Perhaps he had been posted in Pegasus for too long after all.
Tareb tried not to look at all perplexed when the two guards at the door of the brig suddenly left. He had no doubt there were cameras on him, and that his captors were waiting for some tell tale sign of anxiety they could seize upon to make him talk, but he had no intention of giving them that satisfaction.
All he had to do was sit tight and wait and rescue would come.
So he stayed exactly where he was sitting, bored but confident. This incarceration was just a minor setback in the grand scheme of things. These people thought they had it all in hand. That the situation was dealt with. But they would soon learn their mistake.
These people were soft, cosseted like children. Their overconfidence in this city and their insistence on following procedures made them sloppy. By the time they realised that he would be long gone.
Footfalls echoed at a distance outside his cell room. Slow...steady...heavy. He listened, calculating that they were coming in the direction of the brig. It couldn't be that weakling Woolsey. He couldn't possibly make those solid, self-assured sounds.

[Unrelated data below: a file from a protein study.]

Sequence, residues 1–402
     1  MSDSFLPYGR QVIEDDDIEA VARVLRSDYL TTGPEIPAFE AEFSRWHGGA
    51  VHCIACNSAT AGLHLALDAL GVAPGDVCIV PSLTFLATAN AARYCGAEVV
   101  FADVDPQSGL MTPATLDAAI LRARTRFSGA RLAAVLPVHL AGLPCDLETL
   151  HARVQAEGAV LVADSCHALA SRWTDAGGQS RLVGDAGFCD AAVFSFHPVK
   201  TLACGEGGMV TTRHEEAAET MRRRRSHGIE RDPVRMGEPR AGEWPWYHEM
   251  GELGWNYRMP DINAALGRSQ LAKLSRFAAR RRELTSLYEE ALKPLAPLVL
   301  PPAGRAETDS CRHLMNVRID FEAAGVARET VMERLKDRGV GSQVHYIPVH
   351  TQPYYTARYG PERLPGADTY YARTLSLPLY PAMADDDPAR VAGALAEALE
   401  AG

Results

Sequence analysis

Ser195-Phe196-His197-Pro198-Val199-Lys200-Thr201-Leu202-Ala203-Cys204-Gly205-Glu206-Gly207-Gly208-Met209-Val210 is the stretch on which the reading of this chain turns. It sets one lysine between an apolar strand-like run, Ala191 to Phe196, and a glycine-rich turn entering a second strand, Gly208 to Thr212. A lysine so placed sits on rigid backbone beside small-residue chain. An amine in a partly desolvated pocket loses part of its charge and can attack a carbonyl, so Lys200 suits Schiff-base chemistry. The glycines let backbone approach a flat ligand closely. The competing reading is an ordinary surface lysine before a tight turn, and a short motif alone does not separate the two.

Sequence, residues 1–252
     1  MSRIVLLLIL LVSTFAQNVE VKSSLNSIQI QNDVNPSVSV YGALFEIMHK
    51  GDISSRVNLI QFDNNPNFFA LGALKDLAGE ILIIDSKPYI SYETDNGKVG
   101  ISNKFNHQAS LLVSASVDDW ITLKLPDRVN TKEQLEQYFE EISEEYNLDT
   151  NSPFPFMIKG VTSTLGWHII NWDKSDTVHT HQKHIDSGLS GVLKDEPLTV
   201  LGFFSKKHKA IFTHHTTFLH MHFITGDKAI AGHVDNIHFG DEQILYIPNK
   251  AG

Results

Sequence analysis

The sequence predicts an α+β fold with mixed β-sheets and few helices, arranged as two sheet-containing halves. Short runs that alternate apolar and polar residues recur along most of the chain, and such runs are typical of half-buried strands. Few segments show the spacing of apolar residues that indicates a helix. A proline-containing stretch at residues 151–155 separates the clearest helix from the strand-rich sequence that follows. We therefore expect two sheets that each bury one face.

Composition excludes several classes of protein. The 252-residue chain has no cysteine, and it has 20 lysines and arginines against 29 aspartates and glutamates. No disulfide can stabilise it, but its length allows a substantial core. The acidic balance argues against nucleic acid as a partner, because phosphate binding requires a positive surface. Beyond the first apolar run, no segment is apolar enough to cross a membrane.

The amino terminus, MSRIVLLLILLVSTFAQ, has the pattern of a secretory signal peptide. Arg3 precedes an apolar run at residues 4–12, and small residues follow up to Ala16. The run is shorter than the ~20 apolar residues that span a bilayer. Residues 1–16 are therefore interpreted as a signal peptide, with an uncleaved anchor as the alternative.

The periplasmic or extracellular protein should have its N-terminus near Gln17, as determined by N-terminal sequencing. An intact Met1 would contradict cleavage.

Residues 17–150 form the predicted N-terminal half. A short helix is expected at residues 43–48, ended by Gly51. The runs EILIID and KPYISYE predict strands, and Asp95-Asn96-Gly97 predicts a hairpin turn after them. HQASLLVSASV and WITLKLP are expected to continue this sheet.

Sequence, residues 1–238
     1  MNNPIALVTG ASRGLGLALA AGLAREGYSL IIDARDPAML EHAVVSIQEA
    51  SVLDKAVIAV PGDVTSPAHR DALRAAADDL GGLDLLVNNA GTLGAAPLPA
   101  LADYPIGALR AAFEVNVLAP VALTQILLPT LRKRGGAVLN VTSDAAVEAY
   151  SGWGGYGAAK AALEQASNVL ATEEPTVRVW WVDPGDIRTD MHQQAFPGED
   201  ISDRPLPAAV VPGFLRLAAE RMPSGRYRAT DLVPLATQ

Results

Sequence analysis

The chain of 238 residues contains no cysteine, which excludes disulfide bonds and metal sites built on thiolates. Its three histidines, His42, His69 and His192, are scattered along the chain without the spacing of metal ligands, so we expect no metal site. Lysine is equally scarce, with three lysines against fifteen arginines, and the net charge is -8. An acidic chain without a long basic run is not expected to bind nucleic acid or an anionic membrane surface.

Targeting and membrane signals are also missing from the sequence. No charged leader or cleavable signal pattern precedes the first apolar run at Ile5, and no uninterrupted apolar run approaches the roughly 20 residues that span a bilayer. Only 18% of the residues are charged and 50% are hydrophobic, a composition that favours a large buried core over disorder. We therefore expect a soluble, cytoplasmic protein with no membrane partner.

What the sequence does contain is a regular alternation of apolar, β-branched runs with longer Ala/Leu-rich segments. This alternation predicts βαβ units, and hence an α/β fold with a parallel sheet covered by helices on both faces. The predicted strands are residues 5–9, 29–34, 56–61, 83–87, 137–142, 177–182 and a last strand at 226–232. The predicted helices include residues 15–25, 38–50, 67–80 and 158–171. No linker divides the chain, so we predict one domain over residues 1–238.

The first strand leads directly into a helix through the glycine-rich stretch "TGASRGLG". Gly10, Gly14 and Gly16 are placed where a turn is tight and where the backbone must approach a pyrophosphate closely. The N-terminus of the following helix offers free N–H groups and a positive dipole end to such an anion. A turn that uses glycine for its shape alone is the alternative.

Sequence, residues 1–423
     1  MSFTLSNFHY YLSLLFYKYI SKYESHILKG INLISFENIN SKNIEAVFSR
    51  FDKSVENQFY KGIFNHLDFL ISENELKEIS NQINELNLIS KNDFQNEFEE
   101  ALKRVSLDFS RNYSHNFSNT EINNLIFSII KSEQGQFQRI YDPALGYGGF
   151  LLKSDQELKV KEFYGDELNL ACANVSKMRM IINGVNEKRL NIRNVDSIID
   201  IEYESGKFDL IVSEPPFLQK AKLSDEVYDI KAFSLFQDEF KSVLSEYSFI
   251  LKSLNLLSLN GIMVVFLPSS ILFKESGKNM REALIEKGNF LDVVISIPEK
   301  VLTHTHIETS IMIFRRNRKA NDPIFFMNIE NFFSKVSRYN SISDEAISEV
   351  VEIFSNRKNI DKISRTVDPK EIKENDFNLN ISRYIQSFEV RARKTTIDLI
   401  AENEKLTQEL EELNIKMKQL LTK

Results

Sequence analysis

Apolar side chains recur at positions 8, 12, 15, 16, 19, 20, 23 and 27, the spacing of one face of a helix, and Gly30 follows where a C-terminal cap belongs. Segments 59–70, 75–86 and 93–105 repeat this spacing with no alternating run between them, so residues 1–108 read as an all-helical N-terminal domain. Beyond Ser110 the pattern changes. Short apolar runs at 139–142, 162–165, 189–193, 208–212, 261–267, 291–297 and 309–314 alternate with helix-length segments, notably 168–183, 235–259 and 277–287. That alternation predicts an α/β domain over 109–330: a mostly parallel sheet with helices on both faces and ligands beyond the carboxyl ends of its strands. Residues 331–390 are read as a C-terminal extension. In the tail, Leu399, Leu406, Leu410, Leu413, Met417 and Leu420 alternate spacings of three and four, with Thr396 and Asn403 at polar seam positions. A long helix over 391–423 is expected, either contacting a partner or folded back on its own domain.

He watched the now empty doorway, not too worried at this point. After all, there were a lot of people living in this great city, and a lot of places for people to go that might lead them past this room.
But the footsteps didn't go past the room. They gradually grew louder and clearer until he saw a long shadow cast across the floor from the light outside in the corridor...a sizeable shadow with long ropes of hair...
Tareb felt his throat dry, the disappearance of the other guards now taking on a more ominous undertone.
The one they called Ronon took a few steps into the room and stopped again.
Their eyes locked.
This was the one man Tareb feared on Atlantis. Ronon was not like the others. He had a feral fury burning inside him that was barely contained. But he worked for the others, and somehow that made him hold back.
It took a moment for Tareb to realise the huge man was carrying something – something bulky rolled up tight under his arm.
Very slowly, Ronon began to walk towards the cell door.